Home > The Shadow Queen (The Black Jewels #7)

The Shadow Queen (The Black Jewels #7)
Author: Anne Bishop



two years ago

Still shaken by the storm of power that had destroyed half the Blood in Dena Nehele only a few days before, the rogues came down from their camps in the Tamanara Mountains to face an unexpected enemy.

The landens, who had been brutalized for generations by the “caretakers of the Realms,” hadn’t wasted time. When they realized the surviving Blood were stunned by the violent loss of Queens and courts, they rebelled—and decided that dying by the thousands was an acceptable price to pay in order to wipe out the Blood in Dena Nehele.

So the landens died during those first days of the uprising. Oh, how they died.

But so did the Blood.

The males in the Blood’s towns and villages died as they exhausted the power that made the Blood who and what they were, until even the ones who wore Jewels and had a reservoir of power had used up everything they had in the effort to defend the women and children who didn’t have the strength or skill to defend themselves.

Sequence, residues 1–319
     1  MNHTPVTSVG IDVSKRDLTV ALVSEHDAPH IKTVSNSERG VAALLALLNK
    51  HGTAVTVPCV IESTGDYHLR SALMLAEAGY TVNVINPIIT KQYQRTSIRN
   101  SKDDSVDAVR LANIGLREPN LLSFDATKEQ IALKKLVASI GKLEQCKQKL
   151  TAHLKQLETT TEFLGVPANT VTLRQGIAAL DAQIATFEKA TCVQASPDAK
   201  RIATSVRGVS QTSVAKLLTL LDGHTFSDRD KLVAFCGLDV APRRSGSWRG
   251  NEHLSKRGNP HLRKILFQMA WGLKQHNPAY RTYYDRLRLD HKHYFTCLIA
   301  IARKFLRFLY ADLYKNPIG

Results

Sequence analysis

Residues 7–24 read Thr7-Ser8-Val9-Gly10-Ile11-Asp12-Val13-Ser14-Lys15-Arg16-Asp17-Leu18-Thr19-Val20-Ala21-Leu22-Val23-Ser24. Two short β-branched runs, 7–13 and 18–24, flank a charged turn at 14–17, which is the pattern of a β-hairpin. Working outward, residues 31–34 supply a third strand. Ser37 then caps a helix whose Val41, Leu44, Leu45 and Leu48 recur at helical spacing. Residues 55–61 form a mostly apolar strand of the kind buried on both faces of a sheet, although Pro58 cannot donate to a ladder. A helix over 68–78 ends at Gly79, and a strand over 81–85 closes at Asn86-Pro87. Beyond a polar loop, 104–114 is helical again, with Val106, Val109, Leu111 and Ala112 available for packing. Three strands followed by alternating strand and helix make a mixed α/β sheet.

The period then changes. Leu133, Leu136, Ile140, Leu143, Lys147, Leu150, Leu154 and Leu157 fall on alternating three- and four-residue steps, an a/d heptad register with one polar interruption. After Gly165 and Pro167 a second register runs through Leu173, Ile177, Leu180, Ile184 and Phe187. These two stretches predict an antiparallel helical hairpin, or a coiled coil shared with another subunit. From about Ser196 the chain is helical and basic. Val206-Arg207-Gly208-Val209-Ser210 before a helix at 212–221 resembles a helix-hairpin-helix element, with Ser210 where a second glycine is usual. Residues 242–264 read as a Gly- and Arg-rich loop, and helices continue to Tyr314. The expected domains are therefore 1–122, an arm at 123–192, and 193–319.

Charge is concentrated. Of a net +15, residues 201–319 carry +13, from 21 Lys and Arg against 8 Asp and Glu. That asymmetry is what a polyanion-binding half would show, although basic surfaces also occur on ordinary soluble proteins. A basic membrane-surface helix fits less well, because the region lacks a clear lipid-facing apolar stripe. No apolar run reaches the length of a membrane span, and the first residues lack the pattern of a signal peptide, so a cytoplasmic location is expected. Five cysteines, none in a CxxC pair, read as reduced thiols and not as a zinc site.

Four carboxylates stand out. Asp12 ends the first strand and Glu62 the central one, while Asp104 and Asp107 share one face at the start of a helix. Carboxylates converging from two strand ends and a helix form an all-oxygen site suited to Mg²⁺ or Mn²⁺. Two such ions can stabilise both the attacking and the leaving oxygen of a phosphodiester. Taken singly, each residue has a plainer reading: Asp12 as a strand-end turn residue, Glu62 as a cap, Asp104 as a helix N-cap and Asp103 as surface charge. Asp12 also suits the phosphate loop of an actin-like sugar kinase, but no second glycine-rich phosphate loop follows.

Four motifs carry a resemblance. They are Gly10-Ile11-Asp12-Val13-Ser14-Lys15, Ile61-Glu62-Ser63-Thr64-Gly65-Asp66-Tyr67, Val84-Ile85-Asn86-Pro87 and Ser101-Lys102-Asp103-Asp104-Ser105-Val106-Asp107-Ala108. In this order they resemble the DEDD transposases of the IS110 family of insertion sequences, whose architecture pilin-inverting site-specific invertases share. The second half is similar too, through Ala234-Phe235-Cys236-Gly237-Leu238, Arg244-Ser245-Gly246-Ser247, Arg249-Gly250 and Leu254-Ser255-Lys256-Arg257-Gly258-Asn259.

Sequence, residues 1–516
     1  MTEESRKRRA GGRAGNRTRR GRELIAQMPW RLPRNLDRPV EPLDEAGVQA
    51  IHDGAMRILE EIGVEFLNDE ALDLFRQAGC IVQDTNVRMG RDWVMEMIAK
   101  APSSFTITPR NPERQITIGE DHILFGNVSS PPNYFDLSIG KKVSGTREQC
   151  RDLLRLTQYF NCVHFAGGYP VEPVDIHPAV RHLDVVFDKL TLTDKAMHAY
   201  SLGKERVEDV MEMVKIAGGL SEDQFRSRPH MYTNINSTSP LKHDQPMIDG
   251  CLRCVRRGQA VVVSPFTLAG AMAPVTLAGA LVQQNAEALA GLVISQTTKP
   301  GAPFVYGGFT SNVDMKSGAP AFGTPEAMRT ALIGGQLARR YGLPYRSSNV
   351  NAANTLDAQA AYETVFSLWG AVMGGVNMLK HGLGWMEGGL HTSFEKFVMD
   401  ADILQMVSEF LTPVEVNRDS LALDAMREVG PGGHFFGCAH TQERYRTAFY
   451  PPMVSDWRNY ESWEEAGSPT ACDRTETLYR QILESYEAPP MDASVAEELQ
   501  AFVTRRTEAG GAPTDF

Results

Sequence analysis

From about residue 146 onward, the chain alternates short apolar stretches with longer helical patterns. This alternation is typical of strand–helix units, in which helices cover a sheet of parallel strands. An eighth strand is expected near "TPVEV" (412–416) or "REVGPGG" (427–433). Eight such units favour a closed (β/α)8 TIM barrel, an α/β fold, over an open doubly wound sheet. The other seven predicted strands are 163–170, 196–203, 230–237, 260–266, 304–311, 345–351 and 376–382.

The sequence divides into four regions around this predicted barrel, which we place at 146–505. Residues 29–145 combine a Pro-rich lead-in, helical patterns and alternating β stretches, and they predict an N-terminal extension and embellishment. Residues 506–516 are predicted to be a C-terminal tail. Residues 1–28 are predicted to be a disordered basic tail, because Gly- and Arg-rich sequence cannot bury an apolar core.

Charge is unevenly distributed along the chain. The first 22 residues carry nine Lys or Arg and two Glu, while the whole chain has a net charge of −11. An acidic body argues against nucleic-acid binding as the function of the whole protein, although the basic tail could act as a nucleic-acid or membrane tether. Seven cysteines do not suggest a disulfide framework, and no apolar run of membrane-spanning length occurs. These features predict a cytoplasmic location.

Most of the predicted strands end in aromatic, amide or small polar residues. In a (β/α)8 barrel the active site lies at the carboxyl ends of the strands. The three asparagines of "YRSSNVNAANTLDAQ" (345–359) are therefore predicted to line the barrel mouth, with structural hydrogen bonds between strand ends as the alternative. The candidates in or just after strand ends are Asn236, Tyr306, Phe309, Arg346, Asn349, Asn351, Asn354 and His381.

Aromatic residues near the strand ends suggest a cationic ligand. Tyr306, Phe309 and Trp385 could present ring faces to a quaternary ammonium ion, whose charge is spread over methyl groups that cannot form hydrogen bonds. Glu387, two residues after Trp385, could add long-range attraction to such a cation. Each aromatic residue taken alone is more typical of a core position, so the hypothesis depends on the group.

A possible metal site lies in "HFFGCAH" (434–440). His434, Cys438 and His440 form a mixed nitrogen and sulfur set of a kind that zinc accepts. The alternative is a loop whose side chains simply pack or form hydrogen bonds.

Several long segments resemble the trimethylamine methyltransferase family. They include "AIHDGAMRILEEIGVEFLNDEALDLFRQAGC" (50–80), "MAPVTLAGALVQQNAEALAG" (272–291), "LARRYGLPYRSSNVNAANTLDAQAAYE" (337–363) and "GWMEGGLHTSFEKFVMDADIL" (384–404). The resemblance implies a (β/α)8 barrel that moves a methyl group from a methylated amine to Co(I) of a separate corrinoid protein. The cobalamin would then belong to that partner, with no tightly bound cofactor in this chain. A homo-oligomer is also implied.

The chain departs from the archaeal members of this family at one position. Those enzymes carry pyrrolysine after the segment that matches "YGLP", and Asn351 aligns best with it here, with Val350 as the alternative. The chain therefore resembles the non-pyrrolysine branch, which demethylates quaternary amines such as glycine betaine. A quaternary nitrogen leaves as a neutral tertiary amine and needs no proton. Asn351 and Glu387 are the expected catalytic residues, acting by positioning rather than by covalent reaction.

When that power that lived within them was gone, they fought with weapons like any other man. But the landens kept coming, kept fighting—and the Blood, outnumbered, had no chance of surviving.

Women and children died, along with the men. The landens, steeped in their hatred for the Blood, set fire to the buildings, turning entire villages into funeral pyres.

Then the rogues, trained warriors who had refused to serve any Queen, came down from the mountains—and the battle for Dena Nehele really began.

He rode with one pack of rogues, a leader committed to slaughter in order to defend what was left of his people. But as they reached a walled estate on their way to the town that served as Dena Nehele’s capital, he pulled his horse aside and stared through the iron bars of a double gate at the big stone mansion.


It was his family name. This was his family’s home.